Astronomy and Heritage in Cornwall


Hi you have made it here, welcome to my site! I hope you find what you came looking for, if not feel free to contact me.

I’m Carolyn Kennett and I work in the field of astronomy and archaeoastronomy, with most of my practice being in the far south west of the UK. I’m lucky because Cornwall has a great astronomical history and a wealth of ancient sites right on my doorstep, there is certainly enough to keep me busy!

At the top you will see some tabs, these will link to information about books I have had a hand in, the tours I give and lots of free resources which have been made along the way. If you are interested in what I have been up to there is a page listing papers I have written and links to video/interviews etc etc. 

Finally there is a blog, I occasionally get the time to update with thoughts, musings and other things going on in my world. Please follow if you want to be kept in the know.

Enjoy and keep looking up 🙂 


Upcoming Community Walks

May 29th as part of the CASPN’s annual day of walks and talks I will be leading the Saturday morning walk from Boscawen-Ûn down the Trelew line visiting a number of standing stone on route. Numbers are very limited due to Covid restrictions, please follow CASPN on facebook or look at their website to find out more

On Saturday June 19th with Mayes Creative and the Penwith Landscape Partnership I will be leading a community art walk from Sancreed to the beacon, Carn Euny courtyard house village and the well, visiting Caer Bran hillfort along route. This is on the Saturday morning and will be approx 5 miles in length over cross country track. More information to follow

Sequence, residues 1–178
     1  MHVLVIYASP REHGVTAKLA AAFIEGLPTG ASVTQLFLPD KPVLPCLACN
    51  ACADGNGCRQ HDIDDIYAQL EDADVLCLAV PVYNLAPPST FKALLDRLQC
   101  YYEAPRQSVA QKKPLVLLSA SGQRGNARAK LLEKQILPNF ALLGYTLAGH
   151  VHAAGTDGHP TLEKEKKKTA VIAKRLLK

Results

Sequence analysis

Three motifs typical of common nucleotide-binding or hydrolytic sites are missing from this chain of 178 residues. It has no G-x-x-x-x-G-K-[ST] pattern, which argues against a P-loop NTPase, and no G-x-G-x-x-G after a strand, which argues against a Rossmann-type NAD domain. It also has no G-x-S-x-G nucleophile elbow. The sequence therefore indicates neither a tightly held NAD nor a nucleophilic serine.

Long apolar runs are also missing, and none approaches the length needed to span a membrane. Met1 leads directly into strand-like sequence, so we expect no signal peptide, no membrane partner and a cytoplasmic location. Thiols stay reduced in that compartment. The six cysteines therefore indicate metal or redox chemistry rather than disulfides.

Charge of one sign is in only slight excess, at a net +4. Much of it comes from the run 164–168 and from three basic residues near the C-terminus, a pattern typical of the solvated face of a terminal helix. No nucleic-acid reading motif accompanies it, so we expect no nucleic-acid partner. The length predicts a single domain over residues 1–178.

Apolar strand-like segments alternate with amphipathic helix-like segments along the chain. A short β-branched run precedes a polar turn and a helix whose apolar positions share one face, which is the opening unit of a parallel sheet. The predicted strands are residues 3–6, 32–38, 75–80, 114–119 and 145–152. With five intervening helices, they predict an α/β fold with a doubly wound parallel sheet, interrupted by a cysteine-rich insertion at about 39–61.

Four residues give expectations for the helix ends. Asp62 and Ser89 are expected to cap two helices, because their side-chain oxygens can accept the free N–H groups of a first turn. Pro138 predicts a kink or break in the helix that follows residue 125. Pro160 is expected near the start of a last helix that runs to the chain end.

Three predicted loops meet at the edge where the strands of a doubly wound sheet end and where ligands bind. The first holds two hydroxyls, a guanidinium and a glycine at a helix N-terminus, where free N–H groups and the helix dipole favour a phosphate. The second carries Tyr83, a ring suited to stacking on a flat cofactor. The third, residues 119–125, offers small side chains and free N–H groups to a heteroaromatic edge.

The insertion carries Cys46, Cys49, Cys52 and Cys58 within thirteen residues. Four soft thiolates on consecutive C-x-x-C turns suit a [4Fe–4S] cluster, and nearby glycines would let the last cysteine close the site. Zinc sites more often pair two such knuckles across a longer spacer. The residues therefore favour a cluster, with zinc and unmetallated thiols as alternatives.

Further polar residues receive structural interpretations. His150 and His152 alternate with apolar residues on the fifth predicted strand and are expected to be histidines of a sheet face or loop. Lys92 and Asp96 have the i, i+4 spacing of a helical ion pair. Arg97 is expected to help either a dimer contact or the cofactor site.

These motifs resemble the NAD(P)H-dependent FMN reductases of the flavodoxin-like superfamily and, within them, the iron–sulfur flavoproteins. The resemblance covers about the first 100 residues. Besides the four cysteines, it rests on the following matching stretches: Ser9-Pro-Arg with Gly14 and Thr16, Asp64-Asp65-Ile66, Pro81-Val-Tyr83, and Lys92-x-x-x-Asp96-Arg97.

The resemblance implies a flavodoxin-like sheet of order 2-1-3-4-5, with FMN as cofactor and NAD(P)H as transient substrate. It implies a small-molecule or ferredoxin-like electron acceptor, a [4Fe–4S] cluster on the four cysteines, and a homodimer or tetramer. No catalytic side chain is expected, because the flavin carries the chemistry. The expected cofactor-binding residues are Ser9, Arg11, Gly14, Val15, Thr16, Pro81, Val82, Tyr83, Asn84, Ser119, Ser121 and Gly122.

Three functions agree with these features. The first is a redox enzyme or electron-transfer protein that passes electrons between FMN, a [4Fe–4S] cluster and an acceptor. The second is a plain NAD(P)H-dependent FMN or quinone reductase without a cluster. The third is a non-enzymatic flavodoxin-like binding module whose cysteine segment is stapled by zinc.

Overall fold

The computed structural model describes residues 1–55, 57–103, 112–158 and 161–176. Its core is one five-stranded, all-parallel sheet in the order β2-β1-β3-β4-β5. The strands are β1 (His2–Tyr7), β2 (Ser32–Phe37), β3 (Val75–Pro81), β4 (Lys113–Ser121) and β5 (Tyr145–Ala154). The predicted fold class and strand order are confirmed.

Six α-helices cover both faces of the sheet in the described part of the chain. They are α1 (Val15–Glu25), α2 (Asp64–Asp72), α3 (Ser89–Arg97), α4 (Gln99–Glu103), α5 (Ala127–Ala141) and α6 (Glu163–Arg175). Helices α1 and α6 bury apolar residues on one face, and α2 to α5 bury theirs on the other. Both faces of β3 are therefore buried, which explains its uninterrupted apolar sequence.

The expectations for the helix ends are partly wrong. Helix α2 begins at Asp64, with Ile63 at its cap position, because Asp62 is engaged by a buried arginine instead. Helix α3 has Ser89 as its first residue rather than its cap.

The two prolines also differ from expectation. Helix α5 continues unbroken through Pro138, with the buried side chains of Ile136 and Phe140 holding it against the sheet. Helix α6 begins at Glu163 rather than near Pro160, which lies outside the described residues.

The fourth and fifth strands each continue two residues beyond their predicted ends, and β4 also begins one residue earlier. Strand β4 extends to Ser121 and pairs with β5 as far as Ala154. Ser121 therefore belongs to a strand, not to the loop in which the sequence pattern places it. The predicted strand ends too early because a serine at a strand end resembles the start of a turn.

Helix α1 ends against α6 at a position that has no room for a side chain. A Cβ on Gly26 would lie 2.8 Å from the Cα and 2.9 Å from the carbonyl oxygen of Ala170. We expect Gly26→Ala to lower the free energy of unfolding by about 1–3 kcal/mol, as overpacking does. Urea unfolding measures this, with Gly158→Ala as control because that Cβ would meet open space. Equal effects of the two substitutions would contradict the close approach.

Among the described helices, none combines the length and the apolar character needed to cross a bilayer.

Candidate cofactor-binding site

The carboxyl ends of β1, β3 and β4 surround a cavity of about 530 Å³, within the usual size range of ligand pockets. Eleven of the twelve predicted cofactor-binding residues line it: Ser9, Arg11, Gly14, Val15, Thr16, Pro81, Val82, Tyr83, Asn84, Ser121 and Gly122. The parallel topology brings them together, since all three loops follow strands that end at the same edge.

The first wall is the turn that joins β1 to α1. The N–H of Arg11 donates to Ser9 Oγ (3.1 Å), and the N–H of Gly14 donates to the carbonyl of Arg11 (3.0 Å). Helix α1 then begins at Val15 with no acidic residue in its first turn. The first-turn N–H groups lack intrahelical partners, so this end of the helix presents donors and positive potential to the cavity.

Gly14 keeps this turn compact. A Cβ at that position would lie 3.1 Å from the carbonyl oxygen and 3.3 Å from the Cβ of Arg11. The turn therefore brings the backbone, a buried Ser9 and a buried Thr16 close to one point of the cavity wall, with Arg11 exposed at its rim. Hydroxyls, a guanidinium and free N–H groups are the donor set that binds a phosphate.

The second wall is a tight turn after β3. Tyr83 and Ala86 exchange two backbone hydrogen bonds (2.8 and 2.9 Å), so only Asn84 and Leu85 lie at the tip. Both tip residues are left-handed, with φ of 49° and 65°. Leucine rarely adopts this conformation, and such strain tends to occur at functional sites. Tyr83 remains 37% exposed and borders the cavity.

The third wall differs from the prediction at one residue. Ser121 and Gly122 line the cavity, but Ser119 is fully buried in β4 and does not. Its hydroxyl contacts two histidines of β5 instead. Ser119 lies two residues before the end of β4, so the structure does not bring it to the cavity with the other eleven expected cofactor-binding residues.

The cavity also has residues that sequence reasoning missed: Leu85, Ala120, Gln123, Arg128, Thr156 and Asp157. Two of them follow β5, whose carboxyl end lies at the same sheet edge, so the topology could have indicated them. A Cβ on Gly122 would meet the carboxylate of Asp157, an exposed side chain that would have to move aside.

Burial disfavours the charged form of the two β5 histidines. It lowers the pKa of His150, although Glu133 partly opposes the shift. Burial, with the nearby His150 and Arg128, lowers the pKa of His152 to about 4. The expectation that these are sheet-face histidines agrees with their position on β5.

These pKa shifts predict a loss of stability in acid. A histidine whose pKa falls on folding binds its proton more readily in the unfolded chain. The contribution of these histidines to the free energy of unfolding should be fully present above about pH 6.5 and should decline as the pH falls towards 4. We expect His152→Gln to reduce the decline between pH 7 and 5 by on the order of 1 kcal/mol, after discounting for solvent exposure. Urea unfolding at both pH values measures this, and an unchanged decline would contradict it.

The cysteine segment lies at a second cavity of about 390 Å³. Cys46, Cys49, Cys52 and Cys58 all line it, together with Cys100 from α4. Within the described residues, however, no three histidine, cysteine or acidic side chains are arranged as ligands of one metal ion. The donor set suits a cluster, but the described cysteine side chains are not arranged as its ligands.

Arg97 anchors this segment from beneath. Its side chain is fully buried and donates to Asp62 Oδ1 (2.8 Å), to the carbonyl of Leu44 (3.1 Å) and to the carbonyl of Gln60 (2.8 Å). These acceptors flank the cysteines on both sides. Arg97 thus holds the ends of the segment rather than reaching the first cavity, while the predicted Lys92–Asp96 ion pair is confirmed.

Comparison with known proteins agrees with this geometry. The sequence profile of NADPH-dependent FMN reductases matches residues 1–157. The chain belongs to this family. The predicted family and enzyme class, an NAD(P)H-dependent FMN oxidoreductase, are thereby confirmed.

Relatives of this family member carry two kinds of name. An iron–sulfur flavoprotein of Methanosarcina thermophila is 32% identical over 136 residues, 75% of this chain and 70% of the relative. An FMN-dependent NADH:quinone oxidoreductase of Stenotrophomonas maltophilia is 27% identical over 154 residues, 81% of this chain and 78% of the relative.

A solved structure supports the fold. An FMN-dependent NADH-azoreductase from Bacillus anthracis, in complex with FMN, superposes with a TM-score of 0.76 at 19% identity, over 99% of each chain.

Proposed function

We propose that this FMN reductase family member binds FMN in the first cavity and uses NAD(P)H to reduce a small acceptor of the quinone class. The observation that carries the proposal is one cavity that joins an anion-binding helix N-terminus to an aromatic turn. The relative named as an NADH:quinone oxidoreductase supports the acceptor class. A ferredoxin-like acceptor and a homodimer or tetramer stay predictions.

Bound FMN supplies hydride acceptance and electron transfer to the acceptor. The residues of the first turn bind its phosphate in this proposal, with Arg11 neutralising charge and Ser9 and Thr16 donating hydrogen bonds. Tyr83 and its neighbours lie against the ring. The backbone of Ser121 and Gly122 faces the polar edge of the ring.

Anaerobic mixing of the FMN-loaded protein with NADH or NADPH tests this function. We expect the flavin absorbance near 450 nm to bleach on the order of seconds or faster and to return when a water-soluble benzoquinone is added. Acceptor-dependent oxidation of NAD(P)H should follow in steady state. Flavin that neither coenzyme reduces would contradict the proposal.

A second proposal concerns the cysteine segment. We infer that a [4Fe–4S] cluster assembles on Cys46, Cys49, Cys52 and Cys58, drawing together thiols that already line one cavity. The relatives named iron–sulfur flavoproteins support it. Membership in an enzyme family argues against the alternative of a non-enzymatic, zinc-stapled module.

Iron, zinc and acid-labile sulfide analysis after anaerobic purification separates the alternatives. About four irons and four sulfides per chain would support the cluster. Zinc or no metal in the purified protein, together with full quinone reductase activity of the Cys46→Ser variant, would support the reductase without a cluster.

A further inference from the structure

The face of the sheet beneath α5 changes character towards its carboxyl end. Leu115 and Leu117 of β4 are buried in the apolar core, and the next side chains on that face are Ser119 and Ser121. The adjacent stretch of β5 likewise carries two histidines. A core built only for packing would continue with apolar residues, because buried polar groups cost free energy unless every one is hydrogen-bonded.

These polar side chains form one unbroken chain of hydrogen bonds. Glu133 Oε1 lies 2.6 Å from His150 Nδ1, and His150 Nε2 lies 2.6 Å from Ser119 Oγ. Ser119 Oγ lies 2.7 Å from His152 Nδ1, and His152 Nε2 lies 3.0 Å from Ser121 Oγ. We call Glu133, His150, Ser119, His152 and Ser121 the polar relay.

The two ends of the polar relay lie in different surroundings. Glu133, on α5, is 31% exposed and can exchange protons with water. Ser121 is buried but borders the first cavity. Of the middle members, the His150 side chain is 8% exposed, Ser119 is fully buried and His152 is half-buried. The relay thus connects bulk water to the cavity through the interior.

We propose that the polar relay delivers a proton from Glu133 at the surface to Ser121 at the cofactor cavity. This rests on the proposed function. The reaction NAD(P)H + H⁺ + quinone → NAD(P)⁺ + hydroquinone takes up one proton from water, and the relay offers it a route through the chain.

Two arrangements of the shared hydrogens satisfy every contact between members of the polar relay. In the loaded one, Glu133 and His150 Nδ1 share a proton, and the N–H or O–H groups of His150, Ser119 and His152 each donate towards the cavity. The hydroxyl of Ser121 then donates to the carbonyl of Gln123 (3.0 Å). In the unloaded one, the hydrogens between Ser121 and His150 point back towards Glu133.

Cornwall has a rich astronomical heritage. Megalithic sites with links to astronomy are found throughout Cornwall, but primarily on; Bodmin Moor, West Penwith, the Lizard and also the nearby Isles of Scilly. Many of the sites within the area are linked to the solar and lunar cycles. Some have links to the stellar cycle.


Just as we do today, though, without the technology, the people of the Neolithic and Bronze age would try to make sense of the motions in the sky. The stone monuments in our landscape leave us clues as to how they did this. Many, we know, have been aligned to indicate positions of objects in the sky. The most common being stones that are aligned with the solar cycle, such as the Heel Stone at Stonehenge marking a solstice point. Other stones are linked to the lunar cycle and some are suggested to have links with other celestial objects such as planets and stars. Archaeoastronomy attempts to understand the secrets that have been locked into the stones by studying the position and design of the monuments and linking them to the sky and landscape around them.


Much more can be found out about the archaeoastronomy of Cornwall in my book Celestial Stone Circles of West Cornwall. Otherwise, come and join me for a tour of the sites, you can book by contacting me through this website.

Watching the Sun

A recent talk that I gave along with Cheryl Straffon about the sun and ancient sites in Cornwall can be viewed here. A booklet which was produced to go with this project in Conjunction with Mayes Creative and Meyn Mamvro is available for order from here: Meyn Mamvro

The Hurlers stone circle complex

I have undertaken work at the Hurlers with local astronomers and archaeologists, we were lucky enough to make a film of some of this work. Here is a link to a video made at the Hurlers stone circle site. This is a significant prehistoric landscape which has had a number of archaeological digs including Mapping the Sun and Reading the Hurlers. This video explores both the archaeology and the astronomical links at the site.